On the Fourth Session of the State Congress, Mr. Tashi Tshering was unanimously elected as the President for next one year. Similarly, The charge of the Vice- President was given to Mr. Kashi Raj Pradhan, who later has witnessed many upheavels in the democratic process of the State. Captain Dimik Singh Lepcha, an important figure of then Sikkimese politics was appointed as the Secretary of the Party along with Mr. Ram Prasad and Tsanglu Pala as his subordinates. The important decisions made by the Party are mentioned in the document, which have a great importance for the study of the political movement of Sikkim. 

The proceedings of the State Congress on its Fourth Annual Session of 1952. The proceedings were written in Nepali language which had by then become a lingua-franca of Sikkim.

Jeewan Theengh.... The National Poet of Sikkim..

Jeewan Theengh, popularly known as 'Maato Kavi' (Poet of the soil) is regarded as the national poet of the independent Sikkim and even after its merger with the soverignity of the Indian Union, the valour of Lt. Theengh is unprecedented. Born on the 19th December, 1955 at a small place named Namchi (presently the district head quarter of South Sikkim), Lt. Jeewan Theengh had a keen desire to look at his motherland as the abode of god and goddess. Blessed with affectionate parantage, his childhood and puberty got passed in and around Namchi where he had started his schooling. Born and brought up in a middle class sikkimese family, he was well nourished with ethical principles and moral values. He had graduated from St. Joseph's College Darjeeling and pursued his Masters in Political Science in North Bengal University. Lt. Jeewan Theengh did have an immense respect for his mother tongue, i.e, Nepali which ultimately steered him towards Nepali literature. He was so prolific in his writings that his  sentimental attachment towards his country and his race got perpetually reflected in his memorable creations. He was literally against the notion of Sikkimese merger into India which resultantly turned  him into  a poet of Revolutionary cadre. We can cite many examples to bring our point home, but the following excerpt best portrays the reason of the title Maato Kavi conferred upon him by his followers :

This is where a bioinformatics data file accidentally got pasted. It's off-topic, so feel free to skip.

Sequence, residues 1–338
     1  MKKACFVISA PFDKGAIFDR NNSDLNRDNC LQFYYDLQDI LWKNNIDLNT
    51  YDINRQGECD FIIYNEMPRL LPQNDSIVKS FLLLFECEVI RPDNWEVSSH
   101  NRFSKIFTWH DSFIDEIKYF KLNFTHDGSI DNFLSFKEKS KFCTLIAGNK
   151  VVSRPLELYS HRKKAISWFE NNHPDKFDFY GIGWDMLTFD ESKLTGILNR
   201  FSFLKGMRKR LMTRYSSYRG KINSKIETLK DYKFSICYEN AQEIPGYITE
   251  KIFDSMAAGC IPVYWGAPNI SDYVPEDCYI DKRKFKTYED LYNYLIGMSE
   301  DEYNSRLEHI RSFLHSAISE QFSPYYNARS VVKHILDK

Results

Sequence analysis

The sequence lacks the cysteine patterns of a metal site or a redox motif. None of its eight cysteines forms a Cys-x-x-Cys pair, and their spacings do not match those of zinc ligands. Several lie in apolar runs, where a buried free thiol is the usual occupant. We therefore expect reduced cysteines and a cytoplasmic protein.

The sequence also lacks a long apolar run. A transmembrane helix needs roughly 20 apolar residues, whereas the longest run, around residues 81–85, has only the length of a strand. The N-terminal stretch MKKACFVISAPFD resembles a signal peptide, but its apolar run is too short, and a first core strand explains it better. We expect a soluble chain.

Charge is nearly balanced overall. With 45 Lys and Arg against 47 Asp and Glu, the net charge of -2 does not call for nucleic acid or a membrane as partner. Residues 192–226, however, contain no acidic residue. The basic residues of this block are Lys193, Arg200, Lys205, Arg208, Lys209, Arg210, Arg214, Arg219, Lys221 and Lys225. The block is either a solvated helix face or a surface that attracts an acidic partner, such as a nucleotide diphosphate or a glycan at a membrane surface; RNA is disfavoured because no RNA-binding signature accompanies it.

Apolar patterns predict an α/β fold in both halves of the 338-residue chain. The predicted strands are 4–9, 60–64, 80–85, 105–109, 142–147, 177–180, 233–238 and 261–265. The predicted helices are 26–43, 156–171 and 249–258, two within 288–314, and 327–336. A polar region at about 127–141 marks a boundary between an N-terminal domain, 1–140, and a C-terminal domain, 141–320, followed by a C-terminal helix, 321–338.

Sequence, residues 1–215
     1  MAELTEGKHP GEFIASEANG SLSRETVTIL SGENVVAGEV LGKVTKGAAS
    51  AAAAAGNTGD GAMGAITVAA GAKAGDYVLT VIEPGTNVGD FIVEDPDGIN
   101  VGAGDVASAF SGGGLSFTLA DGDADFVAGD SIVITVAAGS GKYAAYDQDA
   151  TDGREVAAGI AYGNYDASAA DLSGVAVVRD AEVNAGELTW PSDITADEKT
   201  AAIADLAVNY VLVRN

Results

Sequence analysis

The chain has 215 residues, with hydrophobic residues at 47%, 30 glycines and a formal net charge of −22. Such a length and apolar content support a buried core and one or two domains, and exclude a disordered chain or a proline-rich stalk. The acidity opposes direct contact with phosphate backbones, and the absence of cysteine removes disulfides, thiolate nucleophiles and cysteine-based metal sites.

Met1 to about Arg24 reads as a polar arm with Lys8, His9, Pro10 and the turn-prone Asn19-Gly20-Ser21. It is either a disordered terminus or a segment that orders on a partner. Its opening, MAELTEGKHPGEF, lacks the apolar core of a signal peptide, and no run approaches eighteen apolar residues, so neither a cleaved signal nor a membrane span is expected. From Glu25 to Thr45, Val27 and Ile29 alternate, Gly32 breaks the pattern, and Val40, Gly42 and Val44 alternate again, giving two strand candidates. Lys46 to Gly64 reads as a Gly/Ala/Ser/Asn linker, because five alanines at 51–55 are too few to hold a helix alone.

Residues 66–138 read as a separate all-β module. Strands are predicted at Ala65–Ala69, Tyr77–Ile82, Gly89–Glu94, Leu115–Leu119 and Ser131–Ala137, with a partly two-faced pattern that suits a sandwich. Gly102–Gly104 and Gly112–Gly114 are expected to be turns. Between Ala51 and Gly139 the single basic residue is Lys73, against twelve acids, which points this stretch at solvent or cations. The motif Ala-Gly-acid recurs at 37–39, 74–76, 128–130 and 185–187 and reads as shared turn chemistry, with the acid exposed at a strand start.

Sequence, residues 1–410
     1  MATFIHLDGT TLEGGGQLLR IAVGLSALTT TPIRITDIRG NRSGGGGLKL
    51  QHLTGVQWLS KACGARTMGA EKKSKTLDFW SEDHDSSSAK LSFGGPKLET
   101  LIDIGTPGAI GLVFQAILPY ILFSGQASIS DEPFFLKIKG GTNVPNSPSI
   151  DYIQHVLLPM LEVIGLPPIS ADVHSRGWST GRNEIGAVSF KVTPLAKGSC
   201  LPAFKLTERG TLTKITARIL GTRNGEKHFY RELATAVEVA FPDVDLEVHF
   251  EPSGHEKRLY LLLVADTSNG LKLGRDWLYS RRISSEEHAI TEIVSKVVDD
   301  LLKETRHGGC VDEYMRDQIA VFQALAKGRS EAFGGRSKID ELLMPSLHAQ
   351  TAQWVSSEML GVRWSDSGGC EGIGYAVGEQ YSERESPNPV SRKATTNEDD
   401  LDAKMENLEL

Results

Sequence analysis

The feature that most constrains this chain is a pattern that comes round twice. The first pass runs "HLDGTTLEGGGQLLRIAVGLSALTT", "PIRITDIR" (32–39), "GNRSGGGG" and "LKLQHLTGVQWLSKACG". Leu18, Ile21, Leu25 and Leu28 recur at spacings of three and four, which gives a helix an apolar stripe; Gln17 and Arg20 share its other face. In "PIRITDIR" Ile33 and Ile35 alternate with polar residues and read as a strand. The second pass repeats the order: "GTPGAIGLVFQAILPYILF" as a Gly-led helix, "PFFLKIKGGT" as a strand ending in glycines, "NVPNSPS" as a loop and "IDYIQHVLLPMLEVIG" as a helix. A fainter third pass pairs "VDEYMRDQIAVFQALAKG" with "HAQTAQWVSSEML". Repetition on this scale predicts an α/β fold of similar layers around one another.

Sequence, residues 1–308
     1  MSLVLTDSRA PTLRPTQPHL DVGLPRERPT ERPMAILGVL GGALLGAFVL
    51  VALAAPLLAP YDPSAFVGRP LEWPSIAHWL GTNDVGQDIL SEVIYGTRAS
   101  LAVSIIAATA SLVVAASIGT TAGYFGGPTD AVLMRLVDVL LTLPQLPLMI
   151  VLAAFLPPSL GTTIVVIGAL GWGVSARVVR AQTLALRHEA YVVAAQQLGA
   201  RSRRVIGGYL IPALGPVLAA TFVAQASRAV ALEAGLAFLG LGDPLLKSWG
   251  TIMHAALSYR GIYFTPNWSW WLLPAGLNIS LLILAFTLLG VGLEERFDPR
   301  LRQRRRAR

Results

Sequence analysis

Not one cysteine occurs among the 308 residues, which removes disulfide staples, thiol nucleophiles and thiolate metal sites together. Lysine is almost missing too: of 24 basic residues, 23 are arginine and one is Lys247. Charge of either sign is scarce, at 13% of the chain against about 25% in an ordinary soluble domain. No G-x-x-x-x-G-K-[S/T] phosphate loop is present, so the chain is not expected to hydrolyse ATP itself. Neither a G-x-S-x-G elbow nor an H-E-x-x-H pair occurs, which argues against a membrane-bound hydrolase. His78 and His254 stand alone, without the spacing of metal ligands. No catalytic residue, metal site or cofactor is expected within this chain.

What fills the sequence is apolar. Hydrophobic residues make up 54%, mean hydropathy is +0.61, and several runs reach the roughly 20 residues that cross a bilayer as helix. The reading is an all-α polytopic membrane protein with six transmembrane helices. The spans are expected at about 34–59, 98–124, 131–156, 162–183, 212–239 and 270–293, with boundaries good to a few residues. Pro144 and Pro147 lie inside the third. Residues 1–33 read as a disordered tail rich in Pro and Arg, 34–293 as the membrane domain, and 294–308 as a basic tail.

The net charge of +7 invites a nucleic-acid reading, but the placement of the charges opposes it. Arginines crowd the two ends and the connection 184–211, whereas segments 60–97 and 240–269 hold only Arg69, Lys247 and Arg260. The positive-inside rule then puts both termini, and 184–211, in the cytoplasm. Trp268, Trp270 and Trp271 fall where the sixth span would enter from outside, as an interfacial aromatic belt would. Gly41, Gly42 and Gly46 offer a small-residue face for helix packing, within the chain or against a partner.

Timiheru Veer
Aaba Canvas ma desh ka Simana Lekhdai Jau
Timro Suvidha ley bhaye jati
Jaatah bhabhi Sima haru Kordai Jau
Jati sukai sima haru Badaundai laaijau.

( You all are paramount; now you can draw the border of your country on a canvas according to your convenience; keep on marking the fence lines and enhance your geographical sphere)
In the excerpt, we find Jeewan Theengh attacking the Indian Sovereignty in a mocking tone. This establishes the fact how sincerely the poet's sentiments were devoted towards his land. This kind of temperament is, no doubt, the culmination of patriotism.

But, alas!!!!

This pious son of Sikkim who highly felt the grandeur of his motherland was only a blessing for 23 years. This great soul succumbed to the afflictions of incurable disease and breathed his last on 5th July 1978. Though, the life span of this eminent poet was tiny, his works and marks on the society are invaluable. He not only advocated the cause of Sikkimese integration and the Nepali unity, but he also spreaded the message of universality amongst human beings. We can best appriciate or rather worship this great legendary figure by reading and preserving his immortal creations which really speak of Maato, the soil.

( Further writings about this great poet will feature soon in the blog)